The Williams Lab’s therapeutic development work is currently focused on developing and deploying highly specific polymeric nanoparticles that target the kidneys. Given that the overwhelming majority of nanoparticles localize to the liver and spleen, this kidney-targeting behavior is unique, enabling a wide range of therapeutic possibilities. As treatment options for acute kidney injury and chronic kidney disease are currently limited, the Williams Lab is exploring these nanoparticles as a platform for the treatment of such ailments.
We aim to develop targeted therapeutic versions of various biologic and small molecule targets to the site of acute and chronic renal diseases. This involves enhancing renal targeting through novel particle design and in vitro evaluation. Particle safety, pharmacology, and therapeutic efficacy are investigated in established rodent models of renal diseases. Ex vivo and in vivo imaging and endpoint evaluations complement and inform advancement of materials. We aim to bring these translational therapeutics to the clinic for better patient outcomes.
Highlighted renal-targeted drug delivery publications: Williams et al. 2015 Nano Letters; Williams et al. 2018 Hypertension; Han et al. 2020 Kidney International; Williams et al. 2020 bioRxiv Preprint
The Williams Lab’s nanosensor development work is currently focused on engineering and implementing highly sensitive and specific optical sensors. We are working to design single-walled carbon nanotube (SWCNT) sensor platforms for ex vivo, in vivo, and remote analysis of targets. These platforms involve multiplexed analyte detection in microfluidic and implantable formats.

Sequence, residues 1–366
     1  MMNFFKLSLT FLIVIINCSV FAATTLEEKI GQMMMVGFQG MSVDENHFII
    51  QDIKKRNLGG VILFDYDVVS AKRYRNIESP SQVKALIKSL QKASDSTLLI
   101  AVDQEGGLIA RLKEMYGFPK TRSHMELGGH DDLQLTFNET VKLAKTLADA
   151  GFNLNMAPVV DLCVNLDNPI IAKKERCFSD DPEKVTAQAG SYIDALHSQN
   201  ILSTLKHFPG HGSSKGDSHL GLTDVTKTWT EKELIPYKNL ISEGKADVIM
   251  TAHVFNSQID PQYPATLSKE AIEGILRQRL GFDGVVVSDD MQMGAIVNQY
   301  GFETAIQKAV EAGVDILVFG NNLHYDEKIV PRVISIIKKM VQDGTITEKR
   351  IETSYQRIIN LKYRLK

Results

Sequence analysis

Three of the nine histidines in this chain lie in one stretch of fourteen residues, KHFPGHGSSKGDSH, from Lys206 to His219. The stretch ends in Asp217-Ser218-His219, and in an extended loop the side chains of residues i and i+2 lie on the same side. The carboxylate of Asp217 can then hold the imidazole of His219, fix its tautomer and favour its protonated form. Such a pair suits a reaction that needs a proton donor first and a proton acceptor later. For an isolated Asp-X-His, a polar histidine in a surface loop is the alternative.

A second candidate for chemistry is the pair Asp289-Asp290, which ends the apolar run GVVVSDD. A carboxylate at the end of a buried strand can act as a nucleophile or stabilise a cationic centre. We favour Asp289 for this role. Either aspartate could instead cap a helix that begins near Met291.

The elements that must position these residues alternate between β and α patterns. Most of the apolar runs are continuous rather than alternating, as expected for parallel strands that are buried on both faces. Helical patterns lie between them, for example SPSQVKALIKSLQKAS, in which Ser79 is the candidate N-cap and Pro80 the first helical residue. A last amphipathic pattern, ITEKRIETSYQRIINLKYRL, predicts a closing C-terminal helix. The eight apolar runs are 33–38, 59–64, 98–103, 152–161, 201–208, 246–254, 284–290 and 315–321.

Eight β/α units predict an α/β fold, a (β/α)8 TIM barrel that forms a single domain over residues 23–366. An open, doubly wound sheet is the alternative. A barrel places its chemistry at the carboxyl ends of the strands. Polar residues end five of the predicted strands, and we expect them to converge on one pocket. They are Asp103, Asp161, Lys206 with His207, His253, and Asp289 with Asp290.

We aim to develop tools revolving around cancer and other inflammation driven diseases. This includes early detection, treatment efficacy monitoring, and disease progression treatment. As such, we are investigating targets within the immune system and clinical therapeutics. Using novel spectroscopic and microscopic methodologies, we investigate sensor performance and function through in vitro and ex vivo methodologies. The lab also uses rodent disease models to evaluate nanosensor safety and push the boundaries of sensor functionality. We aim to mature these into research tools for investigating biological processes and clinical diagnostics.
Highlighted SWCNT sensor publications: Harvey et al. 2017 Nature Biomedical Engineering; Williams et al. 2018 Science Advances; Williams et al. 2018 ACS Sensors; Harvey and Williams et al. 2019 Nano Letters